4. Happy Smells

Seasonal depression can be very lonely and isolating. If you’re having a tough day plan to spend the night alone and relaxing. Although keeping yourself busy and being around friends can help, sometimes you just need time to decompress alone. We all know by now how important selfcare can be. More times that night we still go far too long without taking care of ourselves. Take a couple of hours at night for yourself and utilize smells to relax and increase happy chemicals in your brain. Studies show that smells of citrus and eucalyptus raise energy levels. A great idea if you don’t have citrus is to light a candel or spray a scent that transports you to a happy time you’ve had whether it be from a vacation or time from the past.

5. Cozy Up

Going had in hand with a self-care night, ensuring that you’re cozy and comfortable can do a lot for your spirits. After meditating, showering, and doing your skincare, slip into something warm and comfortable. Cozy up with your favorite book, podcast or movie and take the night off from your phone and social obligations. You’ll thank yourself when you feel refreshed the next day.

6. Care for Others

Taking time out of your day to show love to others can have big effects on your mood. It doesn’t necessarily need to be people. Surrounding yourself with plants and animals can have positive contributions to your seasonal depression. Studies have shown that gardening and caring from something small can add easy purpose to your everyday life. Caring for something small like a plant gives you a task that you have to so everyday sometimes even more than once a day. The small simple things can do a lot to remove those gray clouds from your mood.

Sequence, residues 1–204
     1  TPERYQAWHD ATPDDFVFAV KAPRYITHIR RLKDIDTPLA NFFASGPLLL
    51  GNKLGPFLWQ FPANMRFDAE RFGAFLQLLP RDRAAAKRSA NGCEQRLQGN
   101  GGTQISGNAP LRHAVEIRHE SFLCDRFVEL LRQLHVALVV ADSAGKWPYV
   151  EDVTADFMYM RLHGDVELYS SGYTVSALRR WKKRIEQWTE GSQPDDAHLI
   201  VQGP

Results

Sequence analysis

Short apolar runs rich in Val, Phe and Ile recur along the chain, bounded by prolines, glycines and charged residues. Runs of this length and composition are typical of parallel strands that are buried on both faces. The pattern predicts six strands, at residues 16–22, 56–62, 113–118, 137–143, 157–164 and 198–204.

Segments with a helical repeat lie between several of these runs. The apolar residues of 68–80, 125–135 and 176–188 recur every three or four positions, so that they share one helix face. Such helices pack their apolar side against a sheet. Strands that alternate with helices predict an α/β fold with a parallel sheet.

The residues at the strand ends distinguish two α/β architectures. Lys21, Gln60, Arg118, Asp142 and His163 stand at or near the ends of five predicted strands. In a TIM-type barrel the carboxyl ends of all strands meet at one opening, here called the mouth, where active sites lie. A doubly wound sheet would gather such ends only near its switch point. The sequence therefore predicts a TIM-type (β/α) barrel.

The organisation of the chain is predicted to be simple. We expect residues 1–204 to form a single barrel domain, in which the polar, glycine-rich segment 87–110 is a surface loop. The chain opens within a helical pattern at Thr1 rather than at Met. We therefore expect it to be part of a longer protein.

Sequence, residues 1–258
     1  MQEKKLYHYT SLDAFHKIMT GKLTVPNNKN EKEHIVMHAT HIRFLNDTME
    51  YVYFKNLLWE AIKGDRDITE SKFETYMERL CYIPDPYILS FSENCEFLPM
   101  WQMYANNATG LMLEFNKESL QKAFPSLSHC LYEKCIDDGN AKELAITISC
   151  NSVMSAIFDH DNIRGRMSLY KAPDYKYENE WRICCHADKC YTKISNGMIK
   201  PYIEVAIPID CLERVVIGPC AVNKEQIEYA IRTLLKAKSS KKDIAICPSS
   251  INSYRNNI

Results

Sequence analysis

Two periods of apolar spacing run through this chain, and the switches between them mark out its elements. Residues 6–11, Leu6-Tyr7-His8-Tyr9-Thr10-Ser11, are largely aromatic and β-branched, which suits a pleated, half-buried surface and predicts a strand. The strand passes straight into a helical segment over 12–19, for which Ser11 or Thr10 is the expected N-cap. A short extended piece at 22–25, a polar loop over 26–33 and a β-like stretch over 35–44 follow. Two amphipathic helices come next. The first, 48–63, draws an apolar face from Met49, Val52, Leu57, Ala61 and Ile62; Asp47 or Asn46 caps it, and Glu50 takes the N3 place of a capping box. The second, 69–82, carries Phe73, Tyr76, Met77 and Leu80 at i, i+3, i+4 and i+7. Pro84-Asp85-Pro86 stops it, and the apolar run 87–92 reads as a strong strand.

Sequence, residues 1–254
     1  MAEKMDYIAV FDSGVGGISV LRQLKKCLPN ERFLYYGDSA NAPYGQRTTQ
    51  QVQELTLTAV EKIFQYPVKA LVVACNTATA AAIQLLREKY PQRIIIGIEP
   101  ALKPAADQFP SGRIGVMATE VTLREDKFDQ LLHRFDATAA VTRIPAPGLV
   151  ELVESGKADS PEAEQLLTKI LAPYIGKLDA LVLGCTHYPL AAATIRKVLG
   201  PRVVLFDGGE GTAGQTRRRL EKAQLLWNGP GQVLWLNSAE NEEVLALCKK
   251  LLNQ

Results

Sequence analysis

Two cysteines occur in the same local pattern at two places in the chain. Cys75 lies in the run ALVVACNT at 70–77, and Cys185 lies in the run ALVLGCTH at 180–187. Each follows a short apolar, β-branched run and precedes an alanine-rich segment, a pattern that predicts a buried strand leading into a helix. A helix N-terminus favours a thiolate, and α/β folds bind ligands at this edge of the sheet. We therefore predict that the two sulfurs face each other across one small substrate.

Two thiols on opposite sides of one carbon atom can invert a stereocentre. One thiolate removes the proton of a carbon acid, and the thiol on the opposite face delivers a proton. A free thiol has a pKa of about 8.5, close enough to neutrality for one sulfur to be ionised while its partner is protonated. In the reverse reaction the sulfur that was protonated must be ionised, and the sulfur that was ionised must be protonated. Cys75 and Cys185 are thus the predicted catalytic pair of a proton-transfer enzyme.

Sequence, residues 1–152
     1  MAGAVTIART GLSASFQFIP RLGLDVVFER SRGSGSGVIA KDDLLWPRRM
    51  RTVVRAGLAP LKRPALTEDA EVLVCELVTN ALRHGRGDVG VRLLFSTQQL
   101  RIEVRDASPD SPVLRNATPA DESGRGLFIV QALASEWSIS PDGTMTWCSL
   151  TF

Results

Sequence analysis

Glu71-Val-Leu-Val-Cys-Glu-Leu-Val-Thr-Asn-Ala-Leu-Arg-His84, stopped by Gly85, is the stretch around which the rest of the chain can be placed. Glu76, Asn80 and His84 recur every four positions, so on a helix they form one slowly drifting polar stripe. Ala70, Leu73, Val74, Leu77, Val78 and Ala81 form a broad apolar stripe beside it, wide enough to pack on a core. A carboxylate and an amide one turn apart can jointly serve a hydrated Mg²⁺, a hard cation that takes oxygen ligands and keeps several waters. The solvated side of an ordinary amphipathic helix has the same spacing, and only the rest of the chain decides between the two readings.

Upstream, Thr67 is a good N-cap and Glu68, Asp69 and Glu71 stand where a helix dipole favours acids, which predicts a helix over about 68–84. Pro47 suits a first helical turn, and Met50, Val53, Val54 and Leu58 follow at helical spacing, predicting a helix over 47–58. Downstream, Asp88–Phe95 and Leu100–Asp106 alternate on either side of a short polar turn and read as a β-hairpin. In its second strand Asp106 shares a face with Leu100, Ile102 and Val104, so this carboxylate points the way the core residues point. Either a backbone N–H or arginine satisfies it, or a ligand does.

7. Booked and Busy

On the other hand, some days self-care and a little plant love won’t do the trick. Staying busy with a social calendar can make those dark days feel a little easier. We know with Covid it is increasingly more difficult to see friends and spend quality time together, but technology can be your best friend. Take an outdoor walk with a friend or do a workout in the park. Stressed about Covid or its way too cold where you live? Utilize Facetime and Zoom to spend time with family and friends. You can play games, eat meals and even watch movies together just through screens!